Betty Ford, Modern First Lady

For many who grew up in the 1990s and beyond, the name “Betty Ford” brings to mind rehab, celebrities going to dry out or get clean. But the revolutionary rehab clinic that bears her name is just one legacy of former first lady Betty Ford (1918 - 2011).

By some measures, Betty Ford was an unconventional first lady. While her immediate predecessors tended toward decorum and genteel causes – Lady Bird Johnson supported conservation and beautification, Pat Nixon promoted volunteerism – Ford spoke her mind and didn’t seem to worry too much about what was “proper” for a first lady. She had strong political convictions and didn’t hesitate to fight for the causes that were dear to her heart – abortion rights, breast cancer awareness, the Equal Rights Amendment – even if her stance was contrary to that of her husband and the Republican party.

Ford may have been unconventional as far as first ladies went (though America has certainly had its share of outspoken, politically-engaged first ladies). But if Ford stands out among U.S. first ladies, it may be because she fits in so beautifully with the women of her era. A modern woman, Ford reflected the times she lived in.

When Gerald Ford took office in 1974, American attitudes toward women were changing. Traditional expectations of women – modesty, cheerfulness, deference to their husbands – were going the way of the bra as more and more women challenged the status quo and took charge of their lives, careers, and bodies. With candor and passion, Betty Ford echoed the sentiments of the era and used her unique platform as first lady to speak her mind.

Ford didn’t always agree with her husband or the Republican party. She supported access to abortion, for example, and actively supported Roe v. Wade, while her husband, President Ford, opposed it. Despite their differences, the Fords were happily married for 58 years, until his death in 2006. Indeed, it would seem that Betty wielded some influence when it came to Gerald's political beliefs; in 1999 he revealed that he, too, was pro-choice.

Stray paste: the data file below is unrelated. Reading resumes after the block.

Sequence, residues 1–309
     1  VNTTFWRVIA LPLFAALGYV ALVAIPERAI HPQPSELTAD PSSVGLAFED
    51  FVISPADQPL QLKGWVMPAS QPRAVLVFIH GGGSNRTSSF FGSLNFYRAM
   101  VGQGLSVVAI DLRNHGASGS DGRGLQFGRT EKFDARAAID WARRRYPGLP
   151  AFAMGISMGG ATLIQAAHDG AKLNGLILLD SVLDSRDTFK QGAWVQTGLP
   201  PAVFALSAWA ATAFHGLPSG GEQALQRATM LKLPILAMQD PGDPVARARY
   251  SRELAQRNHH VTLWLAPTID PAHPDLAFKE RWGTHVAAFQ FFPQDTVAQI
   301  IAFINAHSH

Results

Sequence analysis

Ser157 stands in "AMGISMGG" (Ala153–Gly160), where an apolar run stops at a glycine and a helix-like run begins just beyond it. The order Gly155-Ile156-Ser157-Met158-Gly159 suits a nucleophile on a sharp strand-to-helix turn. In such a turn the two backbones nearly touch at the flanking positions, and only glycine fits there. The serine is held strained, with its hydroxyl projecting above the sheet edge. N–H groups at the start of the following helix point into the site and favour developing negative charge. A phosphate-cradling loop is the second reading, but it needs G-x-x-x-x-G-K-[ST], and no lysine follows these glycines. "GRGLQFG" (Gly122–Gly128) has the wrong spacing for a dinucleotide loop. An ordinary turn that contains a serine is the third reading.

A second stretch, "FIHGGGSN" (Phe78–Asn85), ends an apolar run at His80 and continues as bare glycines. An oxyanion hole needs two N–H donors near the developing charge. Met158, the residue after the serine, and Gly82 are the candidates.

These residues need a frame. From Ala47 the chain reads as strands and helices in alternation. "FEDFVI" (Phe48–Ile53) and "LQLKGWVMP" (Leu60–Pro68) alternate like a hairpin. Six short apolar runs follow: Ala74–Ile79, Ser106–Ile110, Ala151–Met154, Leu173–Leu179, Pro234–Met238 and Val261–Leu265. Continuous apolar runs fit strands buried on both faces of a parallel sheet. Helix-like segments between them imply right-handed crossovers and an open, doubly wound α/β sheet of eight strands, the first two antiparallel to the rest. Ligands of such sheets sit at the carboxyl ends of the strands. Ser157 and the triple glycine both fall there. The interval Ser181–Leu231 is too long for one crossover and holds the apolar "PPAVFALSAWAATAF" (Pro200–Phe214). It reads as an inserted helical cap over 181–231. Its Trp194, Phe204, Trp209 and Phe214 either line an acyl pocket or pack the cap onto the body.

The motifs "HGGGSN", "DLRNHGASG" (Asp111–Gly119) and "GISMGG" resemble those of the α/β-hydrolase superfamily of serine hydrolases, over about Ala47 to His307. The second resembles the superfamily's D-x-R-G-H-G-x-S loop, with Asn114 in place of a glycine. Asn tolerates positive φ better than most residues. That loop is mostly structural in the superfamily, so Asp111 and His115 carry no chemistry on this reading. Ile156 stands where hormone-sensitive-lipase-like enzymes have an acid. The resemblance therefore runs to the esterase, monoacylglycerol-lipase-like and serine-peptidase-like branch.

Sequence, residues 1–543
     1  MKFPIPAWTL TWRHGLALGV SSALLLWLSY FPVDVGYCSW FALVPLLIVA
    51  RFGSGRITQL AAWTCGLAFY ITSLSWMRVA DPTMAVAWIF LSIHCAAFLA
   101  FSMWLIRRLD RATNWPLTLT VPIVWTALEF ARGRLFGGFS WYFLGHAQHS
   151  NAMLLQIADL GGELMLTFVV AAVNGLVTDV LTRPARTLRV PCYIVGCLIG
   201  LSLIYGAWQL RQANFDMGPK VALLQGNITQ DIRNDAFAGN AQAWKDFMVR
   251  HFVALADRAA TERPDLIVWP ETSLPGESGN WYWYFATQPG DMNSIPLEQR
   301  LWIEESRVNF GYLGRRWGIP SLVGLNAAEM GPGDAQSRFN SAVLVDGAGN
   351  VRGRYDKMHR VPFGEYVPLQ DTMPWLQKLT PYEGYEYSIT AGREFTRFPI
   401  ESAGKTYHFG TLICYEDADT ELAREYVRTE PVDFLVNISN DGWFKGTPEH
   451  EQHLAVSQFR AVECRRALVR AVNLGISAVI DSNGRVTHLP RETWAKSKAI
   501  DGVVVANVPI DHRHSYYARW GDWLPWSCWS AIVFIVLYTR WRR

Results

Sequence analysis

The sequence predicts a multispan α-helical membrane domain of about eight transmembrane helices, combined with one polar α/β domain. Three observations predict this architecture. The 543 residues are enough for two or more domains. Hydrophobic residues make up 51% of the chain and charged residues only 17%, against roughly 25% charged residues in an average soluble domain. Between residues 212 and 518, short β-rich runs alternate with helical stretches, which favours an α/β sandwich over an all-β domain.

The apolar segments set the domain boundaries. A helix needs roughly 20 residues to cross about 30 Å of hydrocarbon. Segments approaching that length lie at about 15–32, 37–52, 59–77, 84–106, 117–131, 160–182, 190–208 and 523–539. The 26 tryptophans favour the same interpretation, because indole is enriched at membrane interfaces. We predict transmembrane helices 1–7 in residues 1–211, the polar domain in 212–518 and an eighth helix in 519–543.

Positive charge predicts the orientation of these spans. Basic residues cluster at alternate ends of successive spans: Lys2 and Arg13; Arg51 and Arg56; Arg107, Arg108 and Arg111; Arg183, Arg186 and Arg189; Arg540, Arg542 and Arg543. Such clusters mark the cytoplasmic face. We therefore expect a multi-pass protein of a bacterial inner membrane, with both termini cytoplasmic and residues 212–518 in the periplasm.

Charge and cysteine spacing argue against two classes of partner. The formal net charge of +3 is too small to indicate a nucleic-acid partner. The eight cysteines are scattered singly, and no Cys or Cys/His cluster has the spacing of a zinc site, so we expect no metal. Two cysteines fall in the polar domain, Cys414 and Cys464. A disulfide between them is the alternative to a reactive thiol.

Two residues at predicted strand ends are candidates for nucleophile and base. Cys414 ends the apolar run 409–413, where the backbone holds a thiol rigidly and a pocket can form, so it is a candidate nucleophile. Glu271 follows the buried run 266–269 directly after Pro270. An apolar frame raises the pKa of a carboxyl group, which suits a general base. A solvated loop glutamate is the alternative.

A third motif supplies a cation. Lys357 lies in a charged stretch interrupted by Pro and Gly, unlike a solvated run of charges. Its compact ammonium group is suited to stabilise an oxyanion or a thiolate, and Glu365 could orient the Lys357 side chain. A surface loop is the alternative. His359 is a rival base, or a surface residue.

Just as Betty Ford was outspoken about her political views, she wasn’t afraid to be candid about her personal life. Her breast cancer and mastectomy were national news at a time when cancer was still mostly kept behind closed doors. She was public about her addictions to pain pills and alcohol and established the Betty Ford Center to help others suffering from addiction. It seemed no subject was off-limits to Ford, as she cheerfully discussed with reporters her sessions with a psychiatrist, the possibility that her daughter had used marijuana and had premarital sex, and even her own sex life with the president. Some citizens were shocked, but the majority loved the first lady’s openness, leading to a 75 percent approval rating (which far surpassed her husband’s).

Ford did much to change our expectations first ladies and women. She also serves as a reminder of the power of democracy and the importance of freedom of speech: no matter who you are, no matter who you are married to, your are entitled to your express your own opinion. It is a free country, after all.